However; I think the overrall problem is the amount of cookie dough needed. Martha’s recipe lists 2-2.5 tablespoons, while yours lists teaspoonfulls. I tried with the 2.5 tablespoons and 1 tablespoons and neither worked. Perhaps if I tried to this size I may have had better results.

  16. says

    BA, I just emailed you with some ideas. It’s a great recipe if you get the amounts right and the sizes right. I’ve made the version listed above over and over and always get thin, crispy-edged cookies. But like I said in the email, I think making these with 2 1/2 tablespoons would results in a cookie with a raw center (like you said). So I’d love to hear how a rounded teaspoonful (or even smaller) measure works out for you and if you can, weigh the flour and make sure you add enough. Like I keep saying, I think the original recipe might have been developed by a 12 year old girl who scooped flour. That’s just a GUESS and I have no idea, but the recipe above should work if followed.

  17. says

    One other thought. Did you really pack the brown sugar? Brown sugar is a lot like flour in that if you don’t really pack it in or weigh it, your amount might vary from the amount used by whomever developed the recipe. I used 140 grams which interestingly, is the same amount in gram weight as the flour.

  18. Jon says

    I cant get these cookies to work at all…they come out so flat and thin, they are pretty much see through (no joke). I live in Colorado, so I tried to do some altitude adjustments, but even with adding several tablespoons of extra flour…they still come out pretty bad looking – nothing like the picture. Any suggestions?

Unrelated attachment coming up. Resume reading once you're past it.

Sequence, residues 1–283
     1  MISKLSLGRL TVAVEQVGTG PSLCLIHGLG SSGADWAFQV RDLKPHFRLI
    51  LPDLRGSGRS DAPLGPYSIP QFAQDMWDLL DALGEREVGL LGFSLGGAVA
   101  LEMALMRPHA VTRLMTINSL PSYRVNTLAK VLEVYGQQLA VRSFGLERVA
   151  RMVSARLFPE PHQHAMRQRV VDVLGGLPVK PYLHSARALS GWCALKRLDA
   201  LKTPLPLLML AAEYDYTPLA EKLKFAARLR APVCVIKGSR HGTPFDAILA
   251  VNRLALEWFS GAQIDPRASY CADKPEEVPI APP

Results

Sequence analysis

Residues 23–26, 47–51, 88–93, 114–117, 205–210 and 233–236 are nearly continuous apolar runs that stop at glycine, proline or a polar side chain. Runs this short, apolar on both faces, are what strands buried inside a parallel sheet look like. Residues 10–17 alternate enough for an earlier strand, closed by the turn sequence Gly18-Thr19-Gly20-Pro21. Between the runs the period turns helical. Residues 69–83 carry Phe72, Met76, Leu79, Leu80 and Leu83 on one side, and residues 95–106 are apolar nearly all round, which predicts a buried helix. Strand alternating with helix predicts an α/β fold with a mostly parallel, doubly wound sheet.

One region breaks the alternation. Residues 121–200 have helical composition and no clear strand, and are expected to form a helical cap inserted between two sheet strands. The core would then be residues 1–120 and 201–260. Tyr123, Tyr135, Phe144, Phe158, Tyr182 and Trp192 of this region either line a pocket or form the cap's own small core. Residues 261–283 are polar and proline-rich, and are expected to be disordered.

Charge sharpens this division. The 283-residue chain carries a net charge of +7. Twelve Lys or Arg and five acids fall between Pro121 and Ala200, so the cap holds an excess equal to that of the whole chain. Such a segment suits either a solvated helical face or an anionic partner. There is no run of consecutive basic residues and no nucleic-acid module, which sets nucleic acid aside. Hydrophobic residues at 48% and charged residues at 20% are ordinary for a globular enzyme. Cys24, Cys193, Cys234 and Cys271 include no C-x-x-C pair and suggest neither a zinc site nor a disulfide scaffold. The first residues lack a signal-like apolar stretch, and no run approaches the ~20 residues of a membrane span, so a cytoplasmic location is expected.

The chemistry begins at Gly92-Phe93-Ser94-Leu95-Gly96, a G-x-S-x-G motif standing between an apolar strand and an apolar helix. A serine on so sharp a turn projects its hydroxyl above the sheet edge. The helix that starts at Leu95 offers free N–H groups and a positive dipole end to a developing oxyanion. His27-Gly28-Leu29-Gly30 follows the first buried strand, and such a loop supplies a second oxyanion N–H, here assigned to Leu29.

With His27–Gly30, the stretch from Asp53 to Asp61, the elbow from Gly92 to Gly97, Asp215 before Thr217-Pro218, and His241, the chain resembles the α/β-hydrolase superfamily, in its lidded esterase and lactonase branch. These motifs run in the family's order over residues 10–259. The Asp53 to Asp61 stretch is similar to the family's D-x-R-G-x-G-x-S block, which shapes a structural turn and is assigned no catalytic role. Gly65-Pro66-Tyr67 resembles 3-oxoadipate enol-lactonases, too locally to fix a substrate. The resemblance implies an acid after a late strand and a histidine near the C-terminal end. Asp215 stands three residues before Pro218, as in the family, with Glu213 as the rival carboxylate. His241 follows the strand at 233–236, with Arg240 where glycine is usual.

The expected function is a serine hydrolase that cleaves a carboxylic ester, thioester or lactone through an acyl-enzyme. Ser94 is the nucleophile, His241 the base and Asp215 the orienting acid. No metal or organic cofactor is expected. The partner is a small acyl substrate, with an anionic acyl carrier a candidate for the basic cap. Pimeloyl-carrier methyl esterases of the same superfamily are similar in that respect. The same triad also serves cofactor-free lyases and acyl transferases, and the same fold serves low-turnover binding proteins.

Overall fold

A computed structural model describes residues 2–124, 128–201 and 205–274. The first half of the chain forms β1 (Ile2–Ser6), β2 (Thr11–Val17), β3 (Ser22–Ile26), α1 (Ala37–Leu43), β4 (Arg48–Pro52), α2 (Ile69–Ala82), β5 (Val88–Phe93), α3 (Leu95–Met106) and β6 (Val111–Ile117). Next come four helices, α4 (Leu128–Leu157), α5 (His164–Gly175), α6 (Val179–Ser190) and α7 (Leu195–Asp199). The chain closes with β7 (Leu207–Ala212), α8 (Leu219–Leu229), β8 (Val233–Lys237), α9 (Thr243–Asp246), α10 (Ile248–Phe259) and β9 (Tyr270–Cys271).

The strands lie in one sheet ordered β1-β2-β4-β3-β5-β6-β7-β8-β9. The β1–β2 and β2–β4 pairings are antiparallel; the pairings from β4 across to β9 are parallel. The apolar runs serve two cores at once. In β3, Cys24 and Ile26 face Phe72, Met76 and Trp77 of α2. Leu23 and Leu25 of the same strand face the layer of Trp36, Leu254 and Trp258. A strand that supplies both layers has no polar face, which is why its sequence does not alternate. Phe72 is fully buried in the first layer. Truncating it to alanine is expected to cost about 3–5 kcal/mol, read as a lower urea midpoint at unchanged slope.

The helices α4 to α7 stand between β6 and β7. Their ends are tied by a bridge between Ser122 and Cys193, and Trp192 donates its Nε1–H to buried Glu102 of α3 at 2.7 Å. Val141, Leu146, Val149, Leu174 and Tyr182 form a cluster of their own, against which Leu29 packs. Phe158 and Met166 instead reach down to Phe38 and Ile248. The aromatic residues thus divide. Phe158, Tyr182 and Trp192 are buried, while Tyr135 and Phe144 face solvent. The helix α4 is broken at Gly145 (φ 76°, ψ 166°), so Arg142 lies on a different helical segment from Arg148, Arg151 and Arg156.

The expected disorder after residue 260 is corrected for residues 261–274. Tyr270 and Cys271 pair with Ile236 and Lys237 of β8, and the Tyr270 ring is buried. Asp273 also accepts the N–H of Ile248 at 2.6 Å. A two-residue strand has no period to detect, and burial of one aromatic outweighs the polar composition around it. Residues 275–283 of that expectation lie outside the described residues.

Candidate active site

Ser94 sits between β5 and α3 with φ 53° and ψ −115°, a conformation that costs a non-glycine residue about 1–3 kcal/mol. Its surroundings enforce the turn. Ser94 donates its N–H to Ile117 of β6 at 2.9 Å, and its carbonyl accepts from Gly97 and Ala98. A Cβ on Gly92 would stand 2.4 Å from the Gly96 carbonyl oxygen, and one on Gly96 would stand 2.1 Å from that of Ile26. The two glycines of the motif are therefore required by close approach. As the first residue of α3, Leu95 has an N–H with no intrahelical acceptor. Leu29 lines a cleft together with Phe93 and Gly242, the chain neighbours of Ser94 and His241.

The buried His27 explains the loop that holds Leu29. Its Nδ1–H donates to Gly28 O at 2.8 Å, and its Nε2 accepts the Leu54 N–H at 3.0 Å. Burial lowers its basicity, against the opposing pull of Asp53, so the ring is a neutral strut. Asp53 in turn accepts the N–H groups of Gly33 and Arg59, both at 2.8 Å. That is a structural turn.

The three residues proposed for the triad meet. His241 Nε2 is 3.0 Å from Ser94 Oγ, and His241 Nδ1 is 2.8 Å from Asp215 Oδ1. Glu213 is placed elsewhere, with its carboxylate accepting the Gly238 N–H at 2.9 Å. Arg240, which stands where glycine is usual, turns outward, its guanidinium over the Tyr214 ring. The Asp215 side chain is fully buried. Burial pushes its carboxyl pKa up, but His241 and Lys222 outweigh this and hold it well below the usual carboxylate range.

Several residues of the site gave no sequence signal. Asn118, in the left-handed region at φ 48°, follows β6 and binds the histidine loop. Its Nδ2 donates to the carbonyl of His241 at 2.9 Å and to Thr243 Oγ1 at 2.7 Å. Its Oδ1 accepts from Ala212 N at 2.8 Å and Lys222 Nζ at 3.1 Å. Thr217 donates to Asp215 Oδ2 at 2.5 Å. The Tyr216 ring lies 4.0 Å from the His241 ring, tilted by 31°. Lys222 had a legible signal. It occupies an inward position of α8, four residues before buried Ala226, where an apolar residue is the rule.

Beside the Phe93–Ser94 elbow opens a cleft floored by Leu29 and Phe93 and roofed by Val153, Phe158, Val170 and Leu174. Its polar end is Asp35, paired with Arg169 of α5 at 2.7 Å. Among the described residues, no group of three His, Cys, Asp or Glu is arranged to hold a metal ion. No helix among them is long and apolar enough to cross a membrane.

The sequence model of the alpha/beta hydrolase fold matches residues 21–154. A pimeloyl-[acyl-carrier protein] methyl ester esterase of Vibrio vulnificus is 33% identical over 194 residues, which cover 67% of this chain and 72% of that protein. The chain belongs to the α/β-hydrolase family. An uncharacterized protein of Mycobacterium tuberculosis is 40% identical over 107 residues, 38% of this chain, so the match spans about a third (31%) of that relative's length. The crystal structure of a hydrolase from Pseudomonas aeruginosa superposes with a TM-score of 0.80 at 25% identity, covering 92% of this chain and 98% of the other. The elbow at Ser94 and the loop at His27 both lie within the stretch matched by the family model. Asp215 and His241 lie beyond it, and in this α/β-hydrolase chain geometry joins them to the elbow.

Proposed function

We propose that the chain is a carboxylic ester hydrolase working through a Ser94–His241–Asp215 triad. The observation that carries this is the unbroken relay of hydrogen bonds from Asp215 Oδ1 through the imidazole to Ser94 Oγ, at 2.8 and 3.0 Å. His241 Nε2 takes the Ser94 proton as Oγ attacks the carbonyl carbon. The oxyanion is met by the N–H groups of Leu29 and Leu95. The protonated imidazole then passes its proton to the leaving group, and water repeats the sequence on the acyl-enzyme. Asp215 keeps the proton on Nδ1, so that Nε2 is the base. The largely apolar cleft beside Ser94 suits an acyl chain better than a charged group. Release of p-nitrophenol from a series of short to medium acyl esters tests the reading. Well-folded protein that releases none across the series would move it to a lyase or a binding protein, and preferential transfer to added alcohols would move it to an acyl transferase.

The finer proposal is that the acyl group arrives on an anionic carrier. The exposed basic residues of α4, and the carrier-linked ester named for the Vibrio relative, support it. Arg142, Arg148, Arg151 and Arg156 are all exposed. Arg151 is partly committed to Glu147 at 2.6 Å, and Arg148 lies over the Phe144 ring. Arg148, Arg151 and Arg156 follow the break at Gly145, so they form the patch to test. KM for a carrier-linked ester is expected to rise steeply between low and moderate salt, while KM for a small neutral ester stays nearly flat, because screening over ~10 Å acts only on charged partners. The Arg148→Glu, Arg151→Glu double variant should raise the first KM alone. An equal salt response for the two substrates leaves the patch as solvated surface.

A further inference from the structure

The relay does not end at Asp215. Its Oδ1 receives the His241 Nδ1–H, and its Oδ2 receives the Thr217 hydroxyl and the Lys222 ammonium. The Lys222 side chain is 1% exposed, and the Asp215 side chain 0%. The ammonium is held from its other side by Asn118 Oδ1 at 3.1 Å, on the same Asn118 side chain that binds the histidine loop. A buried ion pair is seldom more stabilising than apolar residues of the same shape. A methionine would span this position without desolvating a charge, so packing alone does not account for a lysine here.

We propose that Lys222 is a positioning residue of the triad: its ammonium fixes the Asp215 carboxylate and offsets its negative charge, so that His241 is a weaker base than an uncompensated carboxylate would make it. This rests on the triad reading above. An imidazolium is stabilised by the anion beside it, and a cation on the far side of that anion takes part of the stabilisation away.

19. says

    Jon, based on what I’ve read around the Internet, this is a finicky recipe. I thought putting the gram amounts would help since a big issue seems to be the flour, but if you are using the gram amounts and the cookie is still not working, it might be time to try a different recipe. Maybe it does have something to do with the altitude. A few posts up, I listed some ideas for another commenter who had the same problem as you. So if you want to stick with this one, maybe try some of those thing (different cookie sheet, cool butter, etc.).

    I still make this recipe all the time and it works as written, so it’s one of those issues where we’d have to make the cookies together in the same oven, same kitchen, same brands to determine what’s off.

    Speaking of brands, if you’re not using it already, I’ve been using Gold Medal Unbleached All Purpose Flour. Since different brands of flour have different protein levels, maybe you’d get better results with a different flour. I also like the idea of using a medium size egg.

  20. says

    I have been scouring the web for the perfect chocolate chip recipe. Although I live in NYC, i have yet to find a bakery that makes chocolate chip cookies I really like–alas even Bouchon and my love Thomas Keller fails me in this regard. This cookies are incredible. I actually made them a bit thicker by the way I put them on the cookie sheet and only cooking for 8 minutes, but they were incredible. I am going to be putting this up on my site and linking to your post–GREAT. I am also grateful you put grams–I always weigh my ingredients and won’t cook anything w/o those units!